• Neonatal acne (a month old): This is estimated to affect up to 20 percent of newborns. The major controversy in this age group is whether the lesions truly represent acne or any one of the acneiform conditions.  Although rare, some neonates may present with androgen-driven comedonal and inflammatory acne.  Neonates may have true acne, although many self-limited papulopustular eruptions also occur.

• Infantile acne (two months to two years): This may begin at six weeks of age, last for six to 12 months or, rarely, for years. It is more common in boys and comes with comedones (blackheads/whiteheads)  as well as inflammatory lesions, which can include papules, pustules, or occasional nodular lesions. Physical examination should include assessment of growth (height, weight, growth curve), testicular growth, breast development, presence of hirsutism or pubic hair, clitoromegaly (enlarged clitoris), and increased muscle mass.  It is also important to distinguish true infantile acne from other similar cutaneous lesions, because there is some evidence that infantile acne predisposes infant to more severe adolescent acne. Most infantile acne is self-limited and not associated with underlying endocrine pathology. However, in patients with additional physical signs of hormonal deviation, a more extensive workup may be appropriate. No further workup is necessary for the majority of cases in the absence of hormonal abnormalities.

• Mid-childhood acne (1-7 years): This appears primarily on the face with a mixture of comedones and inflammatory lesions.  Children between the ages of one and seven years old, however, do not normally produce significant levels of adrenal or gonadal androgens; hence, acne in this age group is rare. Mid-childhood acne is very uncommon and should warrant an endocrinologic workup for causes of hyperandrogenism.

• Pre-adolescent acne (7-12 years):

It is not uncommon for acne vulgaris to occur in pre-adolescents, as a result of normal adrenarche (early sexual maturation) and testicular or ovarian maturation. Acne may be the first sign of pubertal maturation. This is characterized by a predominance of comedones (blackheads/whiteheads) on the forehead and central face (the so-called “T-zone”) with relatively few inflammatory lesions. Early presentation may include comedones of the ear.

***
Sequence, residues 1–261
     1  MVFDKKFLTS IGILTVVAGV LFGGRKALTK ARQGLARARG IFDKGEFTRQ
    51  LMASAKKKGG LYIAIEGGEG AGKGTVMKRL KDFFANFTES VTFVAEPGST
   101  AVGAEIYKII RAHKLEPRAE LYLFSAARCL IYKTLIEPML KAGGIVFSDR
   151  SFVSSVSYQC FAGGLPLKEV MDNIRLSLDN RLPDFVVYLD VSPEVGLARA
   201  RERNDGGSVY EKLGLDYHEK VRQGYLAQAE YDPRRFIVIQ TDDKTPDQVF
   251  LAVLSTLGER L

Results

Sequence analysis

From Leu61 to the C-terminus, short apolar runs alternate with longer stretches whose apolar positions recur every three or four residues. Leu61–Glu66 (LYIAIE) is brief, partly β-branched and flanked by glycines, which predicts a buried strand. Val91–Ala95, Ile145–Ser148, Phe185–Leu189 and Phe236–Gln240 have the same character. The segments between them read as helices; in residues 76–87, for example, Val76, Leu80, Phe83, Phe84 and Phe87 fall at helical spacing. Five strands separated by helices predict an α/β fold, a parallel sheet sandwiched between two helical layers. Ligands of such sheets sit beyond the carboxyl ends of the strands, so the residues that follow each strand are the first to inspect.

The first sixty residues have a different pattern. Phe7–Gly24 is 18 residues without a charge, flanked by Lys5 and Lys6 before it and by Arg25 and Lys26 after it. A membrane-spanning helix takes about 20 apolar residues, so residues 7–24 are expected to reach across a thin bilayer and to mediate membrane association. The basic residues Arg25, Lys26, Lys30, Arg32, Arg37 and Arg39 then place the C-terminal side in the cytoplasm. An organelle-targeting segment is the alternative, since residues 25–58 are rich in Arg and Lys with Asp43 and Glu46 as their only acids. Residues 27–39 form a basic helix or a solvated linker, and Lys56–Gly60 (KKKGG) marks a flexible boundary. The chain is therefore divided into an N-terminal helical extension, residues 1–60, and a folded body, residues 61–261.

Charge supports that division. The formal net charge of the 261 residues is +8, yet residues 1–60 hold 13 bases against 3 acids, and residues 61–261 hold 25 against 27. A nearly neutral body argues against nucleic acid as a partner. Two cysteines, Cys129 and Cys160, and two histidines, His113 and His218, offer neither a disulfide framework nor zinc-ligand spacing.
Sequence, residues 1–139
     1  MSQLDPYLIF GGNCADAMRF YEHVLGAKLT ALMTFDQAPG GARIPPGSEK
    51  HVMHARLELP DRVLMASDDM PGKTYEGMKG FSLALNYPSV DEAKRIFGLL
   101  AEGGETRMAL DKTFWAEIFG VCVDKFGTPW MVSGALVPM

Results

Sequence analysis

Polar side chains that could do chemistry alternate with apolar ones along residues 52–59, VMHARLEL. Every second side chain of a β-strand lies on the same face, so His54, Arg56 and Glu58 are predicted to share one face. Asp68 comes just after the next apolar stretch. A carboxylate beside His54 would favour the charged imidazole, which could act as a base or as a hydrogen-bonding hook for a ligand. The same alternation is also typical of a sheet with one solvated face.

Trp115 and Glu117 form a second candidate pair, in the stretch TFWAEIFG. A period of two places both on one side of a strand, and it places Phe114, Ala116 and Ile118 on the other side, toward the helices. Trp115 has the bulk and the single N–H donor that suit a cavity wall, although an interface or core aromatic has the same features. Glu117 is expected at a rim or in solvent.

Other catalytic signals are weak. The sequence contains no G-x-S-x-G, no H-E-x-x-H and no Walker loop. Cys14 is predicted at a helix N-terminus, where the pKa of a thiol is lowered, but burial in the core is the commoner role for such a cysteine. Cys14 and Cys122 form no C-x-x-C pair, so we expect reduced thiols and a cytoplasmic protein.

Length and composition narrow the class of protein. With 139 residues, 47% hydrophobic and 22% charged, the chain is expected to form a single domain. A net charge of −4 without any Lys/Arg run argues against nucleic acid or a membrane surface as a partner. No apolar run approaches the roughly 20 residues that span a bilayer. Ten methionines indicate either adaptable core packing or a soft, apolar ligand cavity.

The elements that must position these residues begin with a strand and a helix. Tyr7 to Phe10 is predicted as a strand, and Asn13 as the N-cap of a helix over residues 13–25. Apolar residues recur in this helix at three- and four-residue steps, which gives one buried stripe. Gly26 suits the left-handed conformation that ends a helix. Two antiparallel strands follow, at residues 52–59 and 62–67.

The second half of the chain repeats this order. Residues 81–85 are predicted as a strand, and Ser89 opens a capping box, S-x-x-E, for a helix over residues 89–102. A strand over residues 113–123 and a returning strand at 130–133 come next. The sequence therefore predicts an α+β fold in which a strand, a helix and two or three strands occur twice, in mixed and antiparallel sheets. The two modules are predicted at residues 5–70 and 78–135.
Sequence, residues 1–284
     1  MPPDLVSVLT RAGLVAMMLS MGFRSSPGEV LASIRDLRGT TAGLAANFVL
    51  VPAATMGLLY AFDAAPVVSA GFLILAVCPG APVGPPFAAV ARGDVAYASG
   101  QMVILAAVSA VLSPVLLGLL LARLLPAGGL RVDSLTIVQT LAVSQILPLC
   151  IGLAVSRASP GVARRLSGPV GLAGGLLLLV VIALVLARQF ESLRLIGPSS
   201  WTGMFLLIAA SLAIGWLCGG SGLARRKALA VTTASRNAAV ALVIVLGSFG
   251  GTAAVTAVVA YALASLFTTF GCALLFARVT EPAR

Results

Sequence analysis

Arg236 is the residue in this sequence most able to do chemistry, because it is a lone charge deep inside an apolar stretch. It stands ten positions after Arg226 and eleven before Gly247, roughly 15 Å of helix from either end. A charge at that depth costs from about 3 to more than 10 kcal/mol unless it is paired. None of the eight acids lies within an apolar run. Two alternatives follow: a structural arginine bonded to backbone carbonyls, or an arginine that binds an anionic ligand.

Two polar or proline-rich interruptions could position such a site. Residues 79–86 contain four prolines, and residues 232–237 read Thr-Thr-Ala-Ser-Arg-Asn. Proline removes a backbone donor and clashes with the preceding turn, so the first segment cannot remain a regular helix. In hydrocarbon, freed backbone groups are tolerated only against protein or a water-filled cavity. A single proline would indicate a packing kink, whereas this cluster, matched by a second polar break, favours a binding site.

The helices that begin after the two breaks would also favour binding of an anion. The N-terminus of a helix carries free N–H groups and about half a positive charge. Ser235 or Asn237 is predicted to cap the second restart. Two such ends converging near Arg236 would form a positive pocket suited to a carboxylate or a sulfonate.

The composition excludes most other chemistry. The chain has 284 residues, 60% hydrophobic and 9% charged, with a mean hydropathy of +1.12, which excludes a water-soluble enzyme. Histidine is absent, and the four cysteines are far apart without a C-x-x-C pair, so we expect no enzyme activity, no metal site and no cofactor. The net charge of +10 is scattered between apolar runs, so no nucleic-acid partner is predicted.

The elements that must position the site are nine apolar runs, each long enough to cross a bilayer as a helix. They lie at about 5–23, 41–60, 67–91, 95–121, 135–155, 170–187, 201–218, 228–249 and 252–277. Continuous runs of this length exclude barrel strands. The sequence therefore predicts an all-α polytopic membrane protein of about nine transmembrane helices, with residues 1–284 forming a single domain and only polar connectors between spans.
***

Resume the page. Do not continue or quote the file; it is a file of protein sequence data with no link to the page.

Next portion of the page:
History and physical examination are most important in the assessment of this age group. Further workup is generally unnecessary unless there are signs of excess androgens  (like PCOS), or if the acne is unusually severe, or is not responding to treatment..

In general, treatment of pediatric acne vulgaris is similar to acne treatment in older adolescents and adult.  Although some acne may resolve without residual changes, inflammatory acne may result in the formation of significant scars. In darker skin, post-inflammatory hyperpigmentation (PIH-dark spots) is common. Residual erythema (redness) can occur as well.

It has been repeatedly demonstrated that acne can have a significant adverse impact on the quality of life, and that the level of distress may not correlate directly with acne severity. Reported social, psychological, and emotional symptoms were as severe as those reported by individuals with chronic medical conditions such as chronic asthma, epilepsy, diabetes, and back pain or arthritis. Adolescents, in particular, may be insecure about their appearance and vulnerable to peer opinions. Because social functioning and quality-of-life decrements may not correlate with disease severity, even mild acne may be more troubling to young patients than they are willing to admit.   Therefore, at 13, your child is very vulnerable and treatment of her skin problems, particularly acne, is very important but the aesthetic aspect should not be the only concern here.  The patient has to be evaluated properly for other possibly related internal problems.  This is why I always tell people that acne is not an aesthetic problem but rather a skin disease that should be treated by a PDS board-certified dermatologist.

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For questions or inquiries, call 09174976261, 09998834802 or 263-4094; email